Venkata Lokesh BattulaPhD
The University of Texas MD Anderson Cancer Center
Project Term: July 1, 2023 - June 1, 2026
In order to develop a novel immunotherapy approach to treating AML, we propose targeting B7-H3 (CD276), a promising immune checkpoint that has been reported to inhibit NK cell activation. We have generated a novel anti–B7-H3 monoclonal antibody (T-1A5) to block B7-H3 function, showing the best in vitro and in vivo activity against AML cells. We will test the hypothesis that combination strategies such as targeting B7-H3 along with BCL2 inhibition (venetoclax) or IL-15r agonist (NKTR-255) result in synergistic inhibition of AML growth.
AML is the most common acute leukemia in adults. Several mechanisms contribute to AML aggressiveness, among which is the ability of AML cells to evade the anti-tumor immune response. Numerous efforts have been directed at identifying the molecules and signaling pathways that contribute to AML immune evasion. Here, we propose to target B7-H3 (CD276), a promising pan-cancer antigen as well as an immune checkpoint that has been reported to inhibit NK/T cell activation. B7-H3 protein is overexpressed in several solid tumors and hematologic malignancies but is undetectable in normal tissues. We have recently reported that B7-H3 is overexpressed in a major proportion of adult AML blasts and that its expression is associated with poor survival outcomes. Moreover, inhibition of B7-H3 expression enhances NK cell-mediated apoptosis in AML cells. We have generated a novel anti–B7-H3 monoclonal antibody (mAb) to block B7-H3 function and enhance NK cell-induced apoptosis in AML cells. The clone T-1A5 has shown the best in vitro and in vivo activity against AML cells. Recent data also suggest that inhibition of BCL2 in AML cells enhances NK cell-induced apoptosis in AML cells. Our preliminary data also suggests that a combination of B7-H3 blocking antibody, T-1A5 and the FDA-approved BCL-2 inhibitor, venetoclax, synergistically induced NK cell-induced apoptosis in AML cells. Our preliminary data suggest that a combination of B7-H3 inhibition with a novel compound (NKTR-255) which was developed based on a cytokine IL-15 and BCL2 inhibition by venetoclax synergistically induce NK cell-induced killing in AML cells. Based on this evidence, we hypothesize that B7-H3 is an immune checkpoint protein and a therapeutic target in AML; targeting B7-H3 in combination with NK cell activity enhancers is synergistic in eliminating AML stem cells and inhibiting AML growth.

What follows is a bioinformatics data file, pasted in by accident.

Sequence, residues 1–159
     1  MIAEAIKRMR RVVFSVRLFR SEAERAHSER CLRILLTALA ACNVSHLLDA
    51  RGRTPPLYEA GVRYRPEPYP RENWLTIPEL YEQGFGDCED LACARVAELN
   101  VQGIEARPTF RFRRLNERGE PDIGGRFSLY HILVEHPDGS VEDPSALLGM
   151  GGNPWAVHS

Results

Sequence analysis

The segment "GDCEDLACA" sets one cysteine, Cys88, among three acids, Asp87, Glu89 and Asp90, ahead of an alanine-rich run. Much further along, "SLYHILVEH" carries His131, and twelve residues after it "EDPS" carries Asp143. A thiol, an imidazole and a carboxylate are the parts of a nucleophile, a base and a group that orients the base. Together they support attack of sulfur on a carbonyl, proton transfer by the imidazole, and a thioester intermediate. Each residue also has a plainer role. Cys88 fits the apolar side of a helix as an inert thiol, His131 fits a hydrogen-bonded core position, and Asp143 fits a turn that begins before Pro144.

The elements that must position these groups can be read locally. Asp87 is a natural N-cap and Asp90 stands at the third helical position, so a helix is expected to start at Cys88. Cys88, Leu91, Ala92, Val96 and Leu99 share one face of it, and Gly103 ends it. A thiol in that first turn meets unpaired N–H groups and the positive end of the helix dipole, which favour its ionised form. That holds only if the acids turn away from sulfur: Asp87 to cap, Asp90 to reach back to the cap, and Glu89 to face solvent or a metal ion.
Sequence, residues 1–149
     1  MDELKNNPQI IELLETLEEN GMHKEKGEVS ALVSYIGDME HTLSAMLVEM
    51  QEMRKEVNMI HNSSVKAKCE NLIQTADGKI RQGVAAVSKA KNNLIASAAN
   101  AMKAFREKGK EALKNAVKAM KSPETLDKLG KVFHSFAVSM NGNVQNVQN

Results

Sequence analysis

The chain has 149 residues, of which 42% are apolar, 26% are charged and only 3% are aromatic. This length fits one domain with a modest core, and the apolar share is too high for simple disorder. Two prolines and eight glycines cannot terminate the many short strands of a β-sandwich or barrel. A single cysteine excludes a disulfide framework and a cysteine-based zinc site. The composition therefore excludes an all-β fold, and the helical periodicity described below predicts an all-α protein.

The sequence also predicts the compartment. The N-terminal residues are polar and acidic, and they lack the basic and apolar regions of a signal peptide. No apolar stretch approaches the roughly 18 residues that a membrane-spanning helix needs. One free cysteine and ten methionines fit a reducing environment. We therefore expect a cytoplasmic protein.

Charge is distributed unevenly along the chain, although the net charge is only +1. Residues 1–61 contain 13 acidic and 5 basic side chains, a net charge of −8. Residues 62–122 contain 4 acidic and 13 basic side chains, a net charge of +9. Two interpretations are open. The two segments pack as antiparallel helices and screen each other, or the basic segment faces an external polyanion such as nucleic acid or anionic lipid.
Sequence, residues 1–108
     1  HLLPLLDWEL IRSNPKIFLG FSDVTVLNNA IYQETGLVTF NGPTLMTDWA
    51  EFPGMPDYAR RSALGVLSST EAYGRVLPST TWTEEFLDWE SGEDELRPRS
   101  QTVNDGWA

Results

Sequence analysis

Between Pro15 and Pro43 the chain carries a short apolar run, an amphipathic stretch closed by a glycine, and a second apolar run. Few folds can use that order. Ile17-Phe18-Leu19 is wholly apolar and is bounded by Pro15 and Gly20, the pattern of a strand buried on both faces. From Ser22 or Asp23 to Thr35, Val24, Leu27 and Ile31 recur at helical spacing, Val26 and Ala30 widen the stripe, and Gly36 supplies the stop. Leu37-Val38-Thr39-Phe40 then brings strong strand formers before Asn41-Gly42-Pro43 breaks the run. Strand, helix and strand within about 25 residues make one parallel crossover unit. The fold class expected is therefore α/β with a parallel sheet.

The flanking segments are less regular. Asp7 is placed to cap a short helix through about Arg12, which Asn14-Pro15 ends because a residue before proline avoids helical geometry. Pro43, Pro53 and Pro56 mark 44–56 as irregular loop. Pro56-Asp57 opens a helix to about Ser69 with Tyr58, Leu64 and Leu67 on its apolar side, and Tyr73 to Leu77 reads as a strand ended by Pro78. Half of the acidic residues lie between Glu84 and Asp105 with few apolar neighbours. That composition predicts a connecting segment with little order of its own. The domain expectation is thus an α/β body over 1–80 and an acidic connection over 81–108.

In our approach, first, we will test fully humanized version of the T-1A5 antibody (huT-1A5) and NKTR-255 combination against primary AML cells with variable B7-H3 expression as well as test the combination in vivo using B7-H3 AML in mouse models. Next, to determine the effect of BCL2 inhibition on NK cell response to B7-H3 targeted therapy in AML, we will test the therapeutic efficacy of the combination of huT-1A5 and venetoclax against drug-resistant, recurring AML models in mice. We will also investigate the mechanism of enhanced NK cell response to huT-1A5 and venetoclax combination therapy. Finally, we will test the hypothesis that targeting B7-H3 using huT-1A5 antibody eliminates AML stem cells but spares normal stem cells. Moreover, the effect of huT-1A5 on leukemia stem cells will be tested in vivo using mouse models. Since some of the drugs used in this study are already used in the frontline therapy for treating AML, such as venetoclax, the combination approaches such as B7-H3 inhibition could be quickly translated to the clinic.